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Magnetic fields in the Local Universe
Magnetic fields in the Local Universe
This thesis comprises several research efforts centering around cosmological and astrophysical magnetic fields. In the following summary, these are shortly outlined. References and acknowledgments to the respective works are put in front of each chapter. The first chapter entails the first prediction of today's remnants of a primordial large scale magnetic field both in strength and in three dimensional morphology within a comoving box with edge length of 600 Mpc/h. The general idea here is to translate the matter density field inferred from large scale structure data into the radiation dominated epoch up to the point where the horizon scale is much smaller than the smallest scale resolvable by the data. The density field obtained this way is used as initial conditions for the so called Harrison effect, which results in a magnetic field being generated up to recombination. From there on, magnetic field and matter evolution are simulated via a Magnetohydrodynamics solver up to red-shift z=0, revealing the magnetic field structure today. In chapters two to four several analyses of the Galactic Faraday depth sky are presented. Here, rotation measures of extra-Galactic point sources are used to constrain the Galactic component of the Faraday rotation sky. In a first simple inference model a full sky estimate is build from the scattered data points. A component of the inference, which is intended to model the sky amplitude, is found to have strong resemblance with the Galactic free-free emission measure sky. Hence, building on the simple model, additional data is used to disentangle the Faraday sky into its components. In a first phenomenological model, the signature of the local Galactic arm is discovered with the help of emission measure data. In further attempts, dispersion measure data from Galactic pulsars is additionally used to give a quantitative prediction of the line-of-sight averaged Galactic magnetic field sky. In the last chapter, two research projects revolving around circular polarization in the radio regime are summarized. In the first work, the Faraday depth sky and synchrotron intensity data are used to give a prediction on the Galactic synchrotron circular polarization sky. Due to the sensitivity of circular polarization to the charge of the synchrotron light emitting medium, statements on the leptonic content of the Milky Way can be made. The very same property of circular polarization is used in the second paper in order to show that observations of Stokes V may help to decide whether the content of radio jets is hadronic or leptonic.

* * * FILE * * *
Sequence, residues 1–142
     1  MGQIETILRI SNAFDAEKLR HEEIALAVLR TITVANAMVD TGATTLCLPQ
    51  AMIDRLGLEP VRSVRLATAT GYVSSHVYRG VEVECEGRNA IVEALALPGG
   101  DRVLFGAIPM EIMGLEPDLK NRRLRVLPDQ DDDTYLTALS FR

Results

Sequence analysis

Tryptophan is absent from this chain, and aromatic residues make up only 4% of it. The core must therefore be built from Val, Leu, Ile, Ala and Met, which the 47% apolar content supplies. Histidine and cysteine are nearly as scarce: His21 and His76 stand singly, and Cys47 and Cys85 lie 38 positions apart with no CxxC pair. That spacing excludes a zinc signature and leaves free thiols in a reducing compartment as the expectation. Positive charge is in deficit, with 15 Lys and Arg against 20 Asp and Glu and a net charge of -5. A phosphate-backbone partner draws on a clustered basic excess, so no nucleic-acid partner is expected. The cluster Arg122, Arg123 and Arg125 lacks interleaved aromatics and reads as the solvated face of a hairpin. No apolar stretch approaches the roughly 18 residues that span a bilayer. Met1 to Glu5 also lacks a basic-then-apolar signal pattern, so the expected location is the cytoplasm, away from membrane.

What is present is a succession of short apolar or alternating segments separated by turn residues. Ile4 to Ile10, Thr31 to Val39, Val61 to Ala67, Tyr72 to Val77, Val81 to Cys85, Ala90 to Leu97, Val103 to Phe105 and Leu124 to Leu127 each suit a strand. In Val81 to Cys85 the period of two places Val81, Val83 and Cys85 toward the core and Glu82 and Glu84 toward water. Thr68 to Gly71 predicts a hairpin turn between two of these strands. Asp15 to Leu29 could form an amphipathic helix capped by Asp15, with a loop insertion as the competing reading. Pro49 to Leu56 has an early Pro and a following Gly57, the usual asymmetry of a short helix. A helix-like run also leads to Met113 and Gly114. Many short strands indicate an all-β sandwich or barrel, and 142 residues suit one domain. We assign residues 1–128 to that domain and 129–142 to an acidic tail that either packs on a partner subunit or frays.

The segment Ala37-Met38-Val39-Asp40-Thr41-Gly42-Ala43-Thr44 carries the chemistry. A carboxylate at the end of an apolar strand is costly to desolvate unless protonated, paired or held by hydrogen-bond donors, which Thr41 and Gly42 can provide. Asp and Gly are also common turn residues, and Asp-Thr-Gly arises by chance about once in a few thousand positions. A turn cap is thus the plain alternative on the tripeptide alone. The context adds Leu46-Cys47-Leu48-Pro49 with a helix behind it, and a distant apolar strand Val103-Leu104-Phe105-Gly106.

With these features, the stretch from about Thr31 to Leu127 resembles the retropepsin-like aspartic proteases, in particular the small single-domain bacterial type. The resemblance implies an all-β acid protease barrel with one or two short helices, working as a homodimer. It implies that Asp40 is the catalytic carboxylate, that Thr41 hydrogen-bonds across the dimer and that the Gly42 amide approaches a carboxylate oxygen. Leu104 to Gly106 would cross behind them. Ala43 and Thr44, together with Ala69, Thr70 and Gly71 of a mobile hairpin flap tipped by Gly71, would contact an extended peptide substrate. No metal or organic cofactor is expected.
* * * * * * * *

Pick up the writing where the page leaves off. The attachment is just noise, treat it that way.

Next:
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Hutschenreuter, Sebastian
2020
English
Universitätsbibliothek der Ludwig-Maximilians-Universität München
Hutschenreuter, Sebastian (2020): Magnetic fields in the Local Universe. Dissertation, LMU München: Faculty of Physics
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Abstract

This thesis comprises several research efforts centering around cosmological and astrophysical magnetic fields. In the following summary, these are shortly outlined. References and acknowledgments to the respective works are put in front of each chapter. The first chapter entails the first prediction of today's remnants of a primordial large scale magnetic field both in strength and in three dimensional morphology within a comoving box with edge length of 600 Mpc/h. The general idea here is to translate the matter density field inferred from large scale structure data into the radiation dominated epoch up to the point where the horizon scale is much smaller than the smallest scale resolvable by the data. The density field obtained this way is used as initial conditions for the so called Harrison effect, which results in a magnetic field being generated up to recombination. From there on, magnetic field and matter evolution are simulated via a Magnetohydrodynamics solver up to red-shift z=0, revealing the magnetic field structure today. In chapters two to four several analyses of the Galactic Faraday depth sky are presented. Here, rotation measures of extra-Galactic point sources are used to constrain the Galactic component of the Faraday rotation sky. In a first simple inference model a full sky estimate is build from the scattered data points. A component of the inference, which is intended to model the sky amplitude, is found to have strong resemblance with the Galactic free-free emission measure sky. Hence, building on the simple model, additional data is used to disentangle the Faraday sky into its components. In a first phenomenological model, the signature of the local Galactic arm is discovered with the help of emission measure data. In further attempts, dispersion measure data from Galactic pulsars is additionally used to give a quantitative prediction of the line-of-sight averaged Galactic magnetic field sky. In the last chapter, two research projects revolving around circular polarization in the radio regime are summarized. In the first work, the Faraday depth sky and synchrotron intensity data are used to give a prediction on the Galactic synchrotron circular polarization sky. Due to the sensitivity of circular polarization to the charge of the synchrotron light emitting medium, statements on the leptonic content of the Milky Way can be made. The very same property of circular polarization is used in the second paper in order to show that observations of Stokes V may help to decide whether the content of radio jets is hadronic or leptonic.